I’ve been running (ok, plodding) for a few years, on and off, and I’ve certainly experienced being shouted at and also beeped at. It might sound harmless but it can be really intimidating, especially when its dark, which is usually the only time I’m free to run.

It has made me think twice about going out on my own – and that makes me really angry. Why shouldn’t I be allowed to run where and when I want? How dare they think it’s ok to harass people. Even when it only happens occasionally I’m often still on high alert, which doesn’t make for a very pleasant run.

Alongside the survey a new campaign aimed at getting more people in England running by pairing them with their local clubs “providing a reliable, safe and friendly environment” was launched.


The RunTogether initiative works on the basis that “running with others provides motivation, guidance and support, as well as making it more fun”. Having run both on my own and with a buddy, I wholeheartedly agree with each of their points.

The C25K was much easier when we could spur one another on/moan about each week. Even now, when we consistently run 5K-ish, the fact that I don’t want to let her down means I carry on when I know, if I was on my own, I would stop and walk (I’m really not a natural runner).

The new website makes it easy to find clubs in your area for different levels (it also has running routes available).

I’m not really a club person and while I’m happy to run with my friend, group running really isn’t my cup of tea.

When I first heard about RunTogether, without really reading the details, I thought it was like a dating app for runners. I think it would take someone pretty unique to answer my ad but I’ve already met my soulmate (luckily long before she realised what she was in for).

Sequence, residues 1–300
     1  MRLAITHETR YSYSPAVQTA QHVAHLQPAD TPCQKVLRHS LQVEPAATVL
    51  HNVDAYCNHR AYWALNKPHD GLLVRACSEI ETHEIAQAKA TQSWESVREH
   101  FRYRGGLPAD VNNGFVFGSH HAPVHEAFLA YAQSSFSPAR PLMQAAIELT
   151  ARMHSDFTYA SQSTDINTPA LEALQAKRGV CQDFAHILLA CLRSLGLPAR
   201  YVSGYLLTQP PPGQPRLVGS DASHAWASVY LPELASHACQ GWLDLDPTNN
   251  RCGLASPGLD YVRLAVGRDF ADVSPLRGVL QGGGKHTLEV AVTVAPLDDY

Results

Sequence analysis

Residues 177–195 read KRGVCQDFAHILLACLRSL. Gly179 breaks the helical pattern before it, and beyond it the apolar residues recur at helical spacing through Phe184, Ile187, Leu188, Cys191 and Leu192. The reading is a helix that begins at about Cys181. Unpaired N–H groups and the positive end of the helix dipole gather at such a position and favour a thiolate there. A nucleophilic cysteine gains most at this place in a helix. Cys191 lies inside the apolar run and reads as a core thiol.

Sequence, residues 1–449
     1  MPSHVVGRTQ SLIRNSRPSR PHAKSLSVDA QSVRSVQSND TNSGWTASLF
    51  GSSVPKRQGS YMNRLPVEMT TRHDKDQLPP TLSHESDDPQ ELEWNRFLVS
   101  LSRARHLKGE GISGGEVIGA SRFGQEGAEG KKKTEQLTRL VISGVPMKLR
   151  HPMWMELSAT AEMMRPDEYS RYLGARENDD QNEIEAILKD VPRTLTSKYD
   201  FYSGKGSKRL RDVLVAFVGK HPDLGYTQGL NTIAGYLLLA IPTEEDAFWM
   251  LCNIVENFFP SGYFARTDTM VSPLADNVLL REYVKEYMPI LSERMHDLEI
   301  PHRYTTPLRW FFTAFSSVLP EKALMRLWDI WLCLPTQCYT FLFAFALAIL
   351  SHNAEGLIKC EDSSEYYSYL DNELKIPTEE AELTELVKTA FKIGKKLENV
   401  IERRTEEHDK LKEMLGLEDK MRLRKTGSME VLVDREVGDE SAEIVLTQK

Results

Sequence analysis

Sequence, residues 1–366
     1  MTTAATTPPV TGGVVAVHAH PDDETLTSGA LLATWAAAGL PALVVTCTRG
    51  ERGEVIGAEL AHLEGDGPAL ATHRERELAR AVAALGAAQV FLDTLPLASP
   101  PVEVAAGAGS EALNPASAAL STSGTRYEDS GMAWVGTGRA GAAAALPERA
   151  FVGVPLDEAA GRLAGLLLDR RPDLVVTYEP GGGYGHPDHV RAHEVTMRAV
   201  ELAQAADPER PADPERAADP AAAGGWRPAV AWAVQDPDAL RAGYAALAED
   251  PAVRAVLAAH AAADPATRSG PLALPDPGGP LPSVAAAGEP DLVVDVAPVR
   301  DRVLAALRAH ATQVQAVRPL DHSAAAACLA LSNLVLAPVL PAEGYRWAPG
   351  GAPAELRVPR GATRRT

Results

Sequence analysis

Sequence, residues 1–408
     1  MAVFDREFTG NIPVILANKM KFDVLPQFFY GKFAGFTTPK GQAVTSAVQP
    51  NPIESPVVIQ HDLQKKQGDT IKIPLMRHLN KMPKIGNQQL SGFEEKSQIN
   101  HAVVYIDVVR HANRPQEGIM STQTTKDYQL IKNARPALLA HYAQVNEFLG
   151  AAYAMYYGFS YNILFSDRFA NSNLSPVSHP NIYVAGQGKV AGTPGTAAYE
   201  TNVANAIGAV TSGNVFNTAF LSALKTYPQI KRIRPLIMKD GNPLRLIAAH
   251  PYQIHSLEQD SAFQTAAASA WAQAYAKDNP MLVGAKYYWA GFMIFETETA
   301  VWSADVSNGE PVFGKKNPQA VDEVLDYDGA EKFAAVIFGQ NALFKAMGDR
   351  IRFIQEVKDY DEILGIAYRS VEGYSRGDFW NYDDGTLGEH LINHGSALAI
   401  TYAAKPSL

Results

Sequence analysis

I’m very lucky to have found someone who is understanding of my commitments (and the occasional need to cancel at the last minute if Freya is ill) but who also tolerates me stopping to take photos every now and then without even a hint of annoyance (the fact that she will star jump on demand is an added bonus).

Of course, not everyone is lucky enough to have a buddy like mine – and even when we run together we have been beeped at – which is why I think this new resource is going to be helpful – especially in the absence of any solution to stamp out such ridiculous, intimidating behaviour.

Look how high she can jump!
Have you ever been harassed while out exercising? Would you join a club to feel safer? If you were writing an advert for an exercise buddy what requirements would you have?

PS If you like this post please consider voting for me in the Nepaliaustralian Blog Awards by clicking here and entering “Best Personal Blog – 1” in the comments. Thank you.



My Parkrun experience (it didn’t end well).


Many thousands of people take part in, and love, Parkrun each week – sadly, I wasn’t one of them.

I was hoping to write a post about what an inspiring experience I’d had but, actually, it was the opposite. I figured if I was willing to publish a positive story I should also be honest and post a negative one too.